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Apples from Shinar was Hyam Plutzik's second complete collection. Originally published in 1959 as a part of Wesleyan University Press's newly minted poetry series, the collection includes "The Shepherd"--a section of the book-length poem "Horatio," which earned Plutzik a finalist position for the Pulitzer Prize. "The love and the words and the simplicity," that mark Plutzik's poetry, writes Philip Booth, "are all here [in Apples from Shinar], and the poems come peacefully, and wonderfully, alive." With a previously unpublished foreword by Hyam Plutzik and a new afterword by David Scott Kastan, this edition marks the centenary of Plutzik's birth and will introduce a new generation of readers to the work of one of the best mid-century American poets.
One of Norway’s most celebrated literary figures of the nineteenth century, Henrik Wergeland worked tirelessly for the civil rights of Jews in Norway. He used the words and structure of his poetry to enliven the ideals of truth, freedom, and equality. This translated volume, containing several of Wergeland’s most prominent poems, beautifully encapsulates the compelling force of his message, allowing its enduring influence to benefit a wider contemporary audience.
Probing, wide-ranging, brimming with passion and outrage, Melhem’s eighth collection of poems grips the reader with accounts of individual triumphs and the ongoing catastrophic conflicts of our world. The author draws on her years as a painter and sculptor to bring a distinct visual and tactile quality to her poetry. In this volume, Melhem proceeds from robust individual portraits through observable terrains to traumatic visions of war. "Certain Personae" ranges from black writers to Abraham Lincoln, from a portrait of the suffragist Elizabeth Cady Stanton to the poetry of John Updike, and finishes with paintings of Hannibal crossing the Alps. In "Mostly Political," the poems traverse the local and the universal: melting polar ice caps, capitalism, a painting by Max Ernst interpreted in antithetical ways, and a poem surveying Manhattan’s Upper West Side in the context of international events. "Wars," the third and last section, gives intimate and searing glimpses of the Trojan War, World War I, the Gulf War, the Iraq war, and the conflict over Palestine.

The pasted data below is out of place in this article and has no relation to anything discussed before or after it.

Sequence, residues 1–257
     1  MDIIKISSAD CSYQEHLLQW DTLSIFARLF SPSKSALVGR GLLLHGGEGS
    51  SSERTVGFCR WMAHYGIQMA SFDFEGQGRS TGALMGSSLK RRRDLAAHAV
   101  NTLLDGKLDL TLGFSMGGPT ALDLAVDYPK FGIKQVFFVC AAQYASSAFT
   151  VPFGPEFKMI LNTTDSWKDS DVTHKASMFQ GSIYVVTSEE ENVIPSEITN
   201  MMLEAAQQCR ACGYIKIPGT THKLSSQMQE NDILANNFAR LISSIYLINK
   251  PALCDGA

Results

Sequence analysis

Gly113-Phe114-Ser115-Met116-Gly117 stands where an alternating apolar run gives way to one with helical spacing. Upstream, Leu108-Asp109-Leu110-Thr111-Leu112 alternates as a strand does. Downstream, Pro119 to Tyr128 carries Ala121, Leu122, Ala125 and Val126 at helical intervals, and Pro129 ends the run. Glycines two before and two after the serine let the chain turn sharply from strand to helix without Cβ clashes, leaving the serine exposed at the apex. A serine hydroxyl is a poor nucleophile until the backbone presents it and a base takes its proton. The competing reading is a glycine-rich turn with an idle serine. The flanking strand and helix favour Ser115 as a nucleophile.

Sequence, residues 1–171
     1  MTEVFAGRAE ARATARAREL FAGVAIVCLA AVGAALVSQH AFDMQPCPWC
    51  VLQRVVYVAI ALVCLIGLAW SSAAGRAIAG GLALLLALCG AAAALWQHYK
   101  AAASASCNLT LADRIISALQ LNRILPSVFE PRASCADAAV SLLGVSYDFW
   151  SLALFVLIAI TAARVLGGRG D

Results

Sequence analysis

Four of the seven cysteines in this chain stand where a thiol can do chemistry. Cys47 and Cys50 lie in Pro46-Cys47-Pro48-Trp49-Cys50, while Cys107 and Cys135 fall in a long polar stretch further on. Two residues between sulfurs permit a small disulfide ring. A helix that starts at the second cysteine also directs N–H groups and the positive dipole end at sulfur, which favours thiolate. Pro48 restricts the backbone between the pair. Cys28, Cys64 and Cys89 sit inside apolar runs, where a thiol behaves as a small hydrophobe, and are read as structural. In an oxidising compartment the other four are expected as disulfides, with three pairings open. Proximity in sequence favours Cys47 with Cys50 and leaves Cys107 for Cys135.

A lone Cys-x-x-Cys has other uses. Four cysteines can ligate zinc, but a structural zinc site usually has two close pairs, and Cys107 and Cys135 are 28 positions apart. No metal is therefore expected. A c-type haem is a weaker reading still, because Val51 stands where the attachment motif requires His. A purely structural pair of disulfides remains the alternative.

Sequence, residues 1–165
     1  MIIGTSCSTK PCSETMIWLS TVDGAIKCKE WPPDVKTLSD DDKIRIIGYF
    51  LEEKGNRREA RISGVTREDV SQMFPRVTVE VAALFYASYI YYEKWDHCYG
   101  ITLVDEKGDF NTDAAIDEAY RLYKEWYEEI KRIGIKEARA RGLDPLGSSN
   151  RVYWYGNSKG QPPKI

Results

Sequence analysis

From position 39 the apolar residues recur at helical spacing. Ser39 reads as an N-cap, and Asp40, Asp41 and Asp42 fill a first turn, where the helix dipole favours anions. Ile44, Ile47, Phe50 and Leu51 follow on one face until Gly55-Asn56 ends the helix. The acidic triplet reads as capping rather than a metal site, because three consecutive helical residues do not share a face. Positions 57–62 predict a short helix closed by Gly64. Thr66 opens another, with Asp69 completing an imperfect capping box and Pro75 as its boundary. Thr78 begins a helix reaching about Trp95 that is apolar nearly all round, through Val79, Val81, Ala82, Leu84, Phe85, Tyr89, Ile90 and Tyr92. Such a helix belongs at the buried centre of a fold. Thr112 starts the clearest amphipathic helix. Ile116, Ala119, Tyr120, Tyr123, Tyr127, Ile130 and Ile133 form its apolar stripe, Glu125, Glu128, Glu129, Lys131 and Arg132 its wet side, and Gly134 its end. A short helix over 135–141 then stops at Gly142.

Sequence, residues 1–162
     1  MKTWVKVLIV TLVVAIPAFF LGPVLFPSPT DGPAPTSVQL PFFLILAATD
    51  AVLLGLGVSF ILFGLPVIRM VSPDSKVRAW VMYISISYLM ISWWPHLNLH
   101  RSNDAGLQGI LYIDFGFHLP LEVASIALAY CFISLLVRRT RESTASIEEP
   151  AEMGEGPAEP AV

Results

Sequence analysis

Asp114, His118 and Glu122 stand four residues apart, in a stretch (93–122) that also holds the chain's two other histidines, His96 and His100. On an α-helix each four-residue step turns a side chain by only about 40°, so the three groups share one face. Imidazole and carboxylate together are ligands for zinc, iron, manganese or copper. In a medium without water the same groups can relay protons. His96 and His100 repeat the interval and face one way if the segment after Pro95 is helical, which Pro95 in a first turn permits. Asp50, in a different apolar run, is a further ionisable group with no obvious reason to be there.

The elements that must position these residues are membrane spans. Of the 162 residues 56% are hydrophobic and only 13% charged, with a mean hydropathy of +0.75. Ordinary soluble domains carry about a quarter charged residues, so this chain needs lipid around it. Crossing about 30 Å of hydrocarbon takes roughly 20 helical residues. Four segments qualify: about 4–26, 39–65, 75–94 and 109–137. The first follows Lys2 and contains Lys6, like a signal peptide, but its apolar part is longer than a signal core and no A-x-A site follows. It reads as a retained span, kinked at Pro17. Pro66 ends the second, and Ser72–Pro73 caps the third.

Ascending Order is the work of a poet in midcareer who has thought hard about the circumstances of his past and present, and found an attitude, part concerned and part amused, that serves him well in both his life and his art. The poems in William Greenway’s new book range widely, from memories of childhood and family through meditations on works of art, from humourous topics such as the cars in Hell’s garage or a dead celebrity golf tournament to deep-felt contemplations of cultures American and otherwise or the ailments of middle age and the shadows of mortality. But whether the subjects are serious or playful, the rich vision and inventive language displayed in these poems are Greenway’s alone.
Winner of the Cave Canem Northwestern University Press Poetry Prize
In his second collection of poetry, Reginald Harris traverses real and imagined landscapes, searching for answers to the question “What are you?” From Baltimore to Havana, Atlantic City to Alabama—and from the broad memories of childhood to the very specific moment of Marvin Gaye singing at the 1983 NBA All-Star Game shortly before his death—this is a travel diary of internal and external journeys exploring issues of race and sexuality. The poet traveler falls into and out of love and lust, sometimes coupled, sometimes alone. Autogeography tracks how who you are changes depending on where you are; how where you are and where you’ve been determine who you are and where you might be headed.
Donato Francesco Mattera has been celebrated as a journalist, editor, writer and poet. He is also acknowledged as one of the foremost activists in the struggle for a democratic South Africa, and helped to found both the Union of Black Journalists, the African Writer's Association and the Congress of South African Writers. Born in 1935 in Western Native Township (now Westbury) across the road from Sophiatown, Mattera can lay claim to an intriguingly diverse lineage: his paternal grandfather was Italian, and he has Tswana, Khoi-Khoi and Xhosa blood in his veins.
Karin Schimke is a widely published journalist and columnist, and the Cape Times books editor. She also works as a writing tutor and mentor, an author of non-fiction ñ including the best-selling Fabulously Forty and Beyond, co-written with Margie Orford - of childrenís books and of short stories. She edited Open, an anthology of erotic short stories written by some of South Africaís best known women writers. Her poetry has appeared in South Africa Writing, New Contrast, New Coin and Carapace magazines. Bare & Breaking is her first collection of poems.